'Parenthood' Cast Share What They Learned From Being a Braverman

THR caught up with the cast to find out what their experiences on the Jason Katims drama has taught them
NBC

NBC's Parenthood celebrates its 100th episode Thursday night that finds the head of the family, Craig T. Nelson's Zeek Braverman, in the hospital after suffering a heart attack. Offscreen, the cast was feeling both insightful and keenly aware that the end of their beloved series was near as they gathered on location at Center of Hope Hospital in Inglewood to film the hospital scenes at the abandoned facility.

After six seasons of love, marriage, children, failure, success and impromptu dance parties, The Hollywood Reporter quizzed the cast to find out what they learned from being the Bravermans. Here's what they said.

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Craig T. Nelson (Zeek)

Patience! Definitely patience!

Bonnie Bedelia (Camille)

That communication is everything in a marriage. I've have a wonderful marriage for a long time. I've got two grown boys who are wonderful and the lights of my life, and that is absolutely it. People refer to the Bravermans as being a dysfunctional family, and I don't know what they are talking about. I think they're very functional. They're all very different, and they all have problems. Everybody talks to each other. They share. They fight. They resolve. They get over it. They move on. And they communicate. I don't know how many families are like that. I don't know too many myself where everybody is talking to everybody still. It is a good family role model.

Peter Krause (Adam)

I notice things more now when I see people out, like families and things like that. I pay more attention. And the people who do watch the show are incredibly devoted fans and really love the show. I can't tell you how many people have approached me this year and told me that they're incredibly sad the show is ending and they wish it would continue.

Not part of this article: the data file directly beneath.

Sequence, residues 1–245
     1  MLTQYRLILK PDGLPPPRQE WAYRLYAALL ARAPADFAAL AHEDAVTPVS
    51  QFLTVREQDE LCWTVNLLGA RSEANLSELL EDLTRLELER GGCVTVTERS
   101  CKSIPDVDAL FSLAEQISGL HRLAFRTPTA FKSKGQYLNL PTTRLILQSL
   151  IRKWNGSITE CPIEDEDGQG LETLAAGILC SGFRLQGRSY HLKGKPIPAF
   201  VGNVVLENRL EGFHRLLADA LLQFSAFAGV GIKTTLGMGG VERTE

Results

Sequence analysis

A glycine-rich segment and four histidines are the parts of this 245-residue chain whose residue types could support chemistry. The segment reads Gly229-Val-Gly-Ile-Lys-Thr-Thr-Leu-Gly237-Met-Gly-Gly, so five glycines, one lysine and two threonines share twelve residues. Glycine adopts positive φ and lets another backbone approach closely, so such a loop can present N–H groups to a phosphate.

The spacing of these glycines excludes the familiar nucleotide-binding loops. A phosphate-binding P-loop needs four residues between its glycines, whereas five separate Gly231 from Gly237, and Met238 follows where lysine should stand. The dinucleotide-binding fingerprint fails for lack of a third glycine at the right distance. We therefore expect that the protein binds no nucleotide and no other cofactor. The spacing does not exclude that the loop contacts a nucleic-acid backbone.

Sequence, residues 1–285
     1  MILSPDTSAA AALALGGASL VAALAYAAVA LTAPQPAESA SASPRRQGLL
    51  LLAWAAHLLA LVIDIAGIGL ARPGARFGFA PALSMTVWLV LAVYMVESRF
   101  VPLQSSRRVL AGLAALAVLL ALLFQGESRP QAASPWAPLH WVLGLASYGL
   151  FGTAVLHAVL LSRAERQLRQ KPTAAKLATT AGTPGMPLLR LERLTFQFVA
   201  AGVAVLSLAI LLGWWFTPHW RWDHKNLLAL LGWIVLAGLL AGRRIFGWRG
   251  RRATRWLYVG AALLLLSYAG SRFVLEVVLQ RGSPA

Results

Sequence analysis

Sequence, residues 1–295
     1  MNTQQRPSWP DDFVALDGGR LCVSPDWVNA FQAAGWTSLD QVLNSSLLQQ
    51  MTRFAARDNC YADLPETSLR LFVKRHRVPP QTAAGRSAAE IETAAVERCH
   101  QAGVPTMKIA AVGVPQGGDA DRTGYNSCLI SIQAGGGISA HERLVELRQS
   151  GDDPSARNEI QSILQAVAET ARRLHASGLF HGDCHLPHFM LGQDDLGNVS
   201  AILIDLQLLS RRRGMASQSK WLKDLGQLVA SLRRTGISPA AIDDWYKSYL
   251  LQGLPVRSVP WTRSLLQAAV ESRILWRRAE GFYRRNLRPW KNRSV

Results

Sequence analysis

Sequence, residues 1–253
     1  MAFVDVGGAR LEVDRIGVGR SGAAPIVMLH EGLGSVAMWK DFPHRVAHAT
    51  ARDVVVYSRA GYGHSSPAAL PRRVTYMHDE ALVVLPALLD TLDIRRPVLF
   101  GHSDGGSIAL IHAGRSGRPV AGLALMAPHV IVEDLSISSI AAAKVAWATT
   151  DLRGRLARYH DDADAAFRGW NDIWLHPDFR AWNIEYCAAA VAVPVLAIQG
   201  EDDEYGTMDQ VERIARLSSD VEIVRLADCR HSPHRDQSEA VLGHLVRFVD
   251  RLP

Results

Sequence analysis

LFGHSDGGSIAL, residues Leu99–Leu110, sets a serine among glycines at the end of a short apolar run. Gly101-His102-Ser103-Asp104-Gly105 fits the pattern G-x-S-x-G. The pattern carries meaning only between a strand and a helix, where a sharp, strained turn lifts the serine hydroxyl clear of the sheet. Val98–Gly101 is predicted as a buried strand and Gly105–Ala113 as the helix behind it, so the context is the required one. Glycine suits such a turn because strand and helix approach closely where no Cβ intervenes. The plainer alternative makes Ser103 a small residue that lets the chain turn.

Monica Potter (Kristina)

I've learned to always try to walk through life with family at your side. It makes things less painful and adds to the everyday joys — for the most part!

Max Burkholder (Max)

That family will always be there for you, no matter what.

Lauren Graham (Sarah)

I think for me, the thing I've gotten is when in doubt, gather a group. Just fill your house with people, and something good will happen.

Read more 'Parenthood' Cast on Zeek's Major Health Crisis: It Changes Everyone

Mae Whitman (Amber)

I'm an only child, so it is different, but no matter how many steps backward you take, your family is there to support you. I have been cultivating that within the small family that I do have and using the tools that I learned from the show. But also the sense of right or wrong can come into play with people's egos, like "You didn't do this the right way." The show really thrives in the moments where there are no right or wrong answers, and it is different people's takes. That's what all relationships are, and if you can look at them with empathy and see everyone's point of view, it can really help to work out these things without a right or wrong answer. Let it go out into the world, and let it all be part of a big fun gathering with string lights — always with string lights like the Bravermans have. (Laughs.)

Erika Christensen (Julia)